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U.S. Ending Sanctions Waivers On Iran's Civilian Nuclear Program


A handout picture released by Iran's Atomic Energy Organization on December 23, 2019 shows the nuclear water reactor of Arak, south of the capital Tehran.

The United States has announced it will end sanctions waivers that allow Russian, Chinese, and European firms to carry out civilian nuclear cooperation with Iran, effectively scrapping the last remnants of the 2015 Iran nuclear deal, a move dismissed by Tehran as "desperate."

Secretary of State Mike Pompeo said on May 27 that Iran’s continued “nuclear brinkmanship” by breaching some of its nuclear commitments did not justify renewing the waivers.

“The regime’s nuclear extortion will lead to increased pressure on Iran and further isolate the regime from the international community,” he said.

Nonproliferation experts say that the waivers give international experts a valuable eye into Tehran’s nuclear activities and that its scientific research is for legitimate civilian purposes, such as medicine.

In response, the Atomic Energy Organization of Iran said on May 28 that the United States had made the move in a bid "to distract public opinion from its continued defeats at the hands of Iran."

The U.S. move may also further ratchet up tensions with other signatories to the Iran nuclear deal who have tried to salvage it -- Russia, China, France, Germany, and Britain -- at a time when Washington is seeking their cooperation to extend a UN arms embargo on Iran.

"Ending waivers for nuclear cooperation with Iran...has effectively no impact on Iran's continued work" on what the Islamic republic insists is a purely civilian nuclear energy program, the spokesman of Iran's Atomic Energy Organization, Behruz Kamalvandi, added in a statement published on the agency's website.

U.S. President Donald Trump withdrew from the Iran nuclear deal, also known as the Joint Comprehensive Plan of Action (JCPOA), in 2018 and reimposed sanctions on Tehran. In response, Iran has breached several provisions of the JCPOA at the fringes, saying that it can reverse them if other parties to the deal come back into compliance.

“Ending the waivers puts the remaining parties to the deal in a tough spot -- proceeding with the projects risks U.S. sanctions, but halting work puts them in violation of their obligations under the nuclear deal and gives Iran further justification to violate the accord or withdraw from it all together,” Kelsey Davenport, the director for nonproliferation policy at the Arms Control Association, told RFE/RL.

The end of the “civilian-nuclear cooperation” waivers applies to international work at Iran's Arak heavy-water research reactor, the provision of enriched uranium for the Tehran Research Reactor, and the transfer abroad of spent and scrap reactor fuel. Companies involved at these facilities now have a 60-day wind-down period to cease operations or face sanctions.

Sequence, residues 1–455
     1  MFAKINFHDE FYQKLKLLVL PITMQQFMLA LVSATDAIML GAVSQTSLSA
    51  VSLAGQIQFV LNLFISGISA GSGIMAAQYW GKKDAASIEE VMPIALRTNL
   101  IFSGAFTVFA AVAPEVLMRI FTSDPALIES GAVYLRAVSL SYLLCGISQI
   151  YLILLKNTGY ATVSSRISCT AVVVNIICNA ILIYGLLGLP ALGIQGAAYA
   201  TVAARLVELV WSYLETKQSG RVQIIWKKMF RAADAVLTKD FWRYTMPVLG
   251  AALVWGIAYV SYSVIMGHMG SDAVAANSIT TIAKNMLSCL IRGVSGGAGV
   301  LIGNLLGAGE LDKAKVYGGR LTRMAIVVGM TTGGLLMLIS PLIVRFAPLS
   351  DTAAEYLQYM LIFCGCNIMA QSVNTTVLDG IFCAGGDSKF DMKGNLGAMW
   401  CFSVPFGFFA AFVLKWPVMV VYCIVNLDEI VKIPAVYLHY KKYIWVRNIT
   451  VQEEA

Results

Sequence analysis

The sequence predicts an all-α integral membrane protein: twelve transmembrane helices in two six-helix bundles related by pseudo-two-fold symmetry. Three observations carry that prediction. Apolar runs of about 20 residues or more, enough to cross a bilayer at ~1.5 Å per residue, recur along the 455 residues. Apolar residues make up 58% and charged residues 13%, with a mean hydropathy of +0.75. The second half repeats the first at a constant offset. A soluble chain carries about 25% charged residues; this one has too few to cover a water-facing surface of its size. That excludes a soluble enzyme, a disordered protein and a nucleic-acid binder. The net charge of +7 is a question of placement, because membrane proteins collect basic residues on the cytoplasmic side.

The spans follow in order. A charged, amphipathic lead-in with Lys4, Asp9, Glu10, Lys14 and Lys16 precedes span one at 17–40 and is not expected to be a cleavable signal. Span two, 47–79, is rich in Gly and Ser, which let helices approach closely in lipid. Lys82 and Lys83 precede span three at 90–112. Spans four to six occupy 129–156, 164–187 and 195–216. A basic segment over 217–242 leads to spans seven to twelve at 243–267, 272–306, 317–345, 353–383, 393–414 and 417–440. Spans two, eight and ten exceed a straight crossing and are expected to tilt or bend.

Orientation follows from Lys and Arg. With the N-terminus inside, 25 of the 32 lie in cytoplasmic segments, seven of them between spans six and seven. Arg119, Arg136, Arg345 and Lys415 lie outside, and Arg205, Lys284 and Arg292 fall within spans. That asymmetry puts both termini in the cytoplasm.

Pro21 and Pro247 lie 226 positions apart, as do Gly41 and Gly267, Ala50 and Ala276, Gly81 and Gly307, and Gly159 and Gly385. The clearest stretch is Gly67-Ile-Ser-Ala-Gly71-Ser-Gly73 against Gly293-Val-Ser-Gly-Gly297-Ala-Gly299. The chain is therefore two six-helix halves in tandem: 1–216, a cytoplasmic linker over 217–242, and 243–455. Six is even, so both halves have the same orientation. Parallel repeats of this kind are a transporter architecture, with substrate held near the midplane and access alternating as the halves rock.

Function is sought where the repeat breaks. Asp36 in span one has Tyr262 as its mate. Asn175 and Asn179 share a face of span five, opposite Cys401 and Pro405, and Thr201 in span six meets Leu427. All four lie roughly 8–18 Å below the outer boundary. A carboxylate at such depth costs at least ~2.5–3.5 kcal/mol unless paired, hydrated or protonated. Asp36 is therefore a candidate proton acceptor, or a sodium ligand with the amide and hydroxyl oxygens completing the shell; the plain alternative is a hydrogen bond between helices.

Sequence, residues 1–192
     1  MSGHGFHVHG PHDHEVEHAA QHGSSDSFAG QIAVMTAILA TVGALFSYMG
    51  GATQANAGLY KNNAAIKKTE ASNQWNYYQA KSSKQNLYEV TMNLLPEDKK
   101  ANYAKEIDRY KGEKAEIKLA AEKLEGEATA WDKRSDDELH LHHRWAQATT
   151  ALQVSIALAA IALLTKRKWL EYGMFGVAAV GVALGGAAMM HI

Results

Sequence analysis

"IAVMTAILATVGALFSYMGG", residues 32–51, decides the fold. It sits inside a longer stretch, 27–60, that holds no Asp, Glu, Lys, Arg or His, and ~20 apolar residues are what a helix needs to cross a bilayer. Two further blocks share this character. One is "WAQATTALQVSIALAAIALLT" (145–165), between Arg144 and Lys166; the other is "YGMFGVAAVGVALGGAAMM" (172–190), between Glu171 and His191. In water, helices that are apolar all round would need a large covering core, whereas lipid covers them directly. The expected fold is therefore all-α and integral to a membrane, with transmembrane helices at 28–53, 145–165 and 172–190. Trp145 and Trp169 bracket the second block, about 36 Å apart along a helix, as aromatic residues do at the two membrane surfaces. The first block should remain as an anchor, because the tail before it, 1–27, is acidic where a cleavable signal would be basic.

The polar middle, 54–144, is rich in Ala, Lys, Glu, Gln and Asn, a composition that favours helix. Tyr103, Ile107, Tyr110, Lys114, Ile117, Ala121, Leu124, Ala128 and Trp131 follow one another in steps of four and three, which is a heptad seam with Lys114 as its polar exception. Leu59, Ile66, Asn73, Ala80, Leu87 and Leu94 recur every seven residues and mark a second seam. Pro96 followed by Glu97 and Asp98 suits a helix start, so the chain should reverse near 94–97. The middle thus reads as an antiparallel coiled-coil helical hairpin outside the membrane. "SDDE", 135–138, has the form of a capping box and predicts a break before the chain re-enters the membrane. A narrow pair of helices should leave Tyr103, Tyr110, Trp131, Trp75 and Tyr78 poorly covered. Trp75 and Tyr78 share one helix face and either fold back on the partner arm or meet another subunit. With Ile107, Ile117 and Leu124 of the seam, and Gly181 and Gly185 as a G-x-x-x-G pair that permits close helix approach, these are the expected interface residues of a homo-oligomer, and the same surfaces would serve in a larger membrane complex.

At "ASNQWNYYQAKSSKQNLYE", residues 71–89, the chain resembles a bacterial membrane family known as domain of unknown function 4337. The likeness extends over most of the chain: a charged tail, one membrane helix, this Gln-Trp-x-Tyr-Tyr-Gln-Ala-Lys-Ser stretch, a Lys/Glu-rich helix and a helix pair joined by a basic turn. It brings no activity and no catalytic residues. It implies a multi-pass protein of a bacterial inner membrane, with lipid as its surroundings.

However, Kamalvandi said ending the waivers would not impact Iran's continued work on the Arak reactor and "other equipment" by Iranian experts.

The Trump administration also provided a 90-day extension for the waiver covering international activity at the Bushehr Nuclear Power Plant to ensure safety of operations.

The international civilian cooperation parts of the JCPOA were designed to make Iran’s nuclear program more transparent and less capable of producing weapons.

Iran hawks in Congress and the Trump administration say the civilian nuclear waivers allow Iran access to technology that could be used for nuclear weapons. But in extending the waivers in the past, the Trump administration implicitly recognized the nonproliferation benefits of the civilian projects.

Brian Hook, the U.S. special representative for Iran, told reporters the Trump administration's "maximum pressure" policy has constrained Iran.

"Iran’s leaders are facing a decision: either negotiate with us or manage economic collapse," he said.

But critics of the Trump administration say that its policy of "maximum pressure" has failed to convince Iran to negotiate a "better deal." Instead, the strategy is to completely eliminate the nuclear accord, making it harder for other signatories or a future president to save the JCPOA.

“It is clear that this is a political decision by an administration bent on killing the nuclear deal, irrespective of the consequences,” Davenport said. “Trump's action shows a blatant disregard for the security concerns of U.S. allies and partners and further undermines U.S. credibility.”

In Moscow, Russian Foreign Ministry spokeswoman Maria Zakharova told reporters that “Washington's actions are becoming more and more dangerous and unpredictable."

She cited the U.S. move to end sanctions waivers for countries that remain in the Iran nuclear accord, as well as its decision to walk away from a key military treaty with Moscow.

The United States announced last week it was withdrawing from the Open Skies agreement, which permits unarmed aerial surveillance flights over dozens of participating countries, because of violations by Russia – an accusation Moscow denies.

With reporting by AFP
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